rozodyvara.tk What, if he had not really killed another, had he never been angry without a cause, or spoken unadvisedly with his lips? If so, by breaking one of the least commandments in the least degree, he became liable to the curse of God: for "cursed is he saith the law that continueth not to do all things that are written in this book. But perhaps they will reply, it is said, "Jesus beholding him, loved him. This he might do with a human love, and at the same time this young man have no interest in his blood. Thus Christ is said to wonder, to weep over Jerusalem, and say, "O that thou hadst known, Me.
And there is a great deal of difference between the love wherewith Christ loved this young man, and that wherewith he loved Mary, Lazarus, and their sister Martha. To illustrate this by comparison: A minister of the Lord Jesus Christ seeing many amiable dispositions, such as a readiness to hear the word, a decent behavior at public worship, and a life outwardly spotless in many, cannot but so far love them; but then there is much difference betwixt the love which a minister feels for such, and that divine love, that union and sympathy of soul, which he feels for those that he is satisfied are really born again of God.
Apply this to our Lord's case, as a faint illustration of it. Consider what has been said upon the young man's case in general, and then, if before you were fond of this objection, instead of triumphing, like him you will go sorrowful away. Our Savior's reply to him more and more convinces us of the truth of the prophet's assertion in the text, that "the Lord is our righteousness. Their works therefore were a cause of their justification, consequently the doctrine of imputed righteousness is not agreeable to scripture.
For thus saith Matthew, "Then shall the King say to them on his right hand, Come, ye blessed children of my Father, inherit the kingdom prepared for you from the foundation of the world. For I was an hungered, and ye gave me meat; I was thirsty, and ye gave me drink; I was a stranger, and ye took me in; naked, and ye clothed me; I was sick, and ye visited me; I was in prison, and ye came unto me. I will therefore reward you, because you have done these things out of love to me, and hereby have evidenced yourselves to be my true disciples.
Or thirsty, and gave thee drink? When saw we thee a stranger, and took thee in, or naked, and clothed thee? Or when saw we thee sick, or in prison, and came unto thee? But then they reply against thee: "In the latter part of the chapter, it is plain that Jesus Christ rejects and damns the others for not doing these things.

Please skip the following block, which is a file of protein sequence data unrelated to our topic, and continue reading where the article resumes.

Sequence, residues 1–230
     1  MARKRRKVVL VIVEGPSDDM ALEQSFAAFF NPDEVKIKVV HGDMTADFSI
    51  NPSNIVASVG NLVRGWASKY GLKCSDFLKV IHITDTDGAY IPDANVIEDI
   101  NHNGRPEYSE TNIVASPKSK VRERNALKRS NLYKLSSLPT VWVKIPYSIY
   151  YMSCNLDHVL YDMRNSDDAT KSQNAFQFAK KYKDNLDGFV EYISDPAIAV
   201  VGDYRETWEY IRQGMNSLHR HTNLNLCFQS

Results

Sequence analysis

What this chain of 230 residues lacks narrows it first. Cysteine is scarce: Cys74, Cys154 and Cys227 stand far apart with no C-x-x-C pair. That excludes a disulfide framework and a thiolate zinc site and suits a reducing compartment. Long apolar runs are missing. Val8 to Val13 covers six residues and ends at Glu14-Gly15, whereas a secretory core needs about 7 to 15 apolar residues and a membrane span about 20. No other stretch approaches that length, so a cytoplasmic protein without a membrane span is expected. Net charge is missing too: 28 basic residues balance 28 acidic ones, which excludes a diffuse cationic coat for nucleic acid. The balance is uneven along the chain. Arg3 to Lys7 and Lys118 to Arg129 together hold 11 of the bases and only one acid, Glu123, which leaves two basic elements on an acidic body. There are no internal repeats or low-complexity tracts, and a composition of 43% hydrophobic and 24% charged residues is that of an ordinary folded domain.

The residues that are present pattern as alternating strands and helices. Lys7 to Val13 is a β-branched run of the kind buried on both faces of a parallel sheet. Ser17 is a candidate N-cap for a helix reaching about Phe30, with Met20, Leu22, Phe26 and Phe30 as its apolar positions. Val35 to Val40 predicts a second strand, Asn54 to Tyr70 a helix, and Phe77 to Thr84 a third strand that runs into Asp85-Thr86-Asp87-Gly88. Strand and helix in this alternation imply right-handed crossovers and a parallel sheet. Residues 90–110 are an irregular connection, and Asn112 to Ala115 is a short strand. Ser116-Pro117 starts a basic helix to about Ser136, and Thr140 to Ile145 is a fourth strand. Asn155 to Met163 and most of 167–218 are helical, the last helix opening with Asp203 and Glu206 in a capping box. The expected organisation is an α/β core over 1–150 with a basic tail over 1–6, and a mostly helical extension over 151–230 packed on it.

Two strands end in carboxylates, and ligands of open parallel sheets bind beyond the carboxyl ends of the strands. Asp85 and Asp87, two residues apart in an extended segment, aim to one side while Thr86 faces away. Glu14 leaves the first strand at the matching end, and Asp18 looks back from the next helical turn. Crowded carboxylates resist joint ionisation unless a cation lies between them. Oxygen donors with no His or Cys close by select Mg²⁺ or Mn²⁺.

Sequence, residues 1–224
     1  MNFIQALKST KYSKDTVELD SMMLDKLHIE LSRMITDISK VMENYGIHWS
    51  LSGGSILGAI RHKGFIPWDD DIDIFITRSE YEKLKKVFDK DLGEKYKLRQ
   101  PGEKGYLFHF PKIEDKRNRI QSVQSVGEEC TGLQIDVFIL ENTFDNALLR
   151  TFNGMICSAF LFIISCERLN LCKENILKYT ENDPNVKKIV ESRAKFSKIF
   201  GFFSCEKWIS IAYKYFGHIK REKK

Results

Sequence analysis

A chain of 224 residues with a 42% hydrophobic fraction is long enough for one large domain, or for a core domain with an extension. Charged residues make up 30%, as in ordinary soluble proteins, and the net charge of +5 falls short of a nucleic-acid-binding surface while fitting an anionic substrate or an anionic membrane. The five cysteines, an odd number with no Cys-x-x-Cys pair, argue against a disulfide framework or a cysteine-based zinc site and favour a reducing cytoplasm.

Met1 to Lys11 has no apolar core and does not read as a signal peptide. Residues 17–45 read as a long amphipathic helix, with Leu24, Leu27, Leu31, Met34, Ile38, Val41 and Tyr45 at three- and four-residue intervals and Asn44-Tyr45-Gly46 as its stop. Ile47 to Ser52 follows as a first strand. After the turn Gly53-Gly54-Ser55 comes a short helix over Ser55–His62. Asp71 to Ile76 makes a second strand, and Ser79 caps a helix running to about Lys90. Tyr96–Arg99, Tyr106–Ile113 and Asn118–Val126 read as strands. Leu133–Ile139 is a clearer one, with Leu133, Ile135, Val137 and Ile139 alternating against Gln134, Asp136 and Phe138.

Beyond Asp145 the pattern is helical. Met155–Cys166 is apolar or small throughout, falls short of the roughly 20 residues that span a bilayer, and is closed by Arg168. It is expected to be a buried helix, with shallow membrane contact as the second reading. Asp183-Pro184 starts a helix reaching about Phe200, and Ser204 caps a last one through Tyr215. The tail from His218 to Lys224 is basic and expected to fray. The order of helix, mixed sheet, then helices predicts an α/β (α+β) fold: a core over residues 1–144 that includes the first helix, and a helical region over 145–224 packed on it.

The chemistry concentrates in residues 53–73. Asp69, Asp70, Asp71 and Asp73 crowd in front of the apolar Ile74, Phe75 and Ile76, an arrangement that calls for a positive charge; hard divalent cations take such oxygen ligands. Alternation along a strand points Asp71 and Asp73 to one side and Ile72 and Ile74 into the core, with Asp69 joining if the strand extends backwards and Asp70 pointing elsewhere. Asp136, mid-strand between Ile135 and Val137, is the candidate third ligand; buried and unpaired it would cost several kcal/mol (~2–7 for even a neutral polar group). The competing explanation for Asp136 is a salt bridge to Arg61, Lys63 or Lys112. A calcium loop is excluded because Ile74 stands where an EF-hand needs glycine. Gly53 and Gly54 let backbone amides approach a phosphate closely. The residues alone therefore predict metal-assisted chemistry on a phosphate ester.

And therefore, if he damns these for not doing, he saves those for doing; and consequently the doctrine of an imputed righteousness is good for nothing. We are unprofitable servants; we have not done near so much as it was our duty to do, must be the language of the most holy souls living; and therefore, from or in ourselves, cannot be justified in the sight of God.
This was the frame of the devout souls just now referred to. Sensible of this, they were so far from depending on their works for justification in the sight of God, that they were filled, as it were, with a holy blushing, to think our Lord should condescend to mention, much more to reward them for, their poor works of faith and labors of love.
I am persuaded their hearts would rise with a holy indignation against those who urge this passage, as an objection to the assertion of the prophet, that "the Lord is our righteousness. Was I to stop here, I think I may say, "We are made more than conquerors through him that loved us. This is the next thing that was proposed. And never did greater or more absurdities flow from the denying any doctrine, than will flow from denying the doctrine of Christ's imputed righteousness. And FIRST, if we deny this doctrine, we turn the truth, I mean the word of God, as much as we can, into a lie, and utterly subvert all those places of scripture which say that we are saved by grace; that it is not of works, lest any man should boast, that salvation is God's free gift, and that he who glorieth, must glory only in the Lord.
For, if the whole personal righteousness of Jesus Christ be not the sole cause of my acceptance with God, if any work done by or foreseen in me, was in the least to be joined with it, or looked upon by God an in inducing, impulsive cause of acquitting my soul from guilt, then I have somewhat whereof I may glory in myself.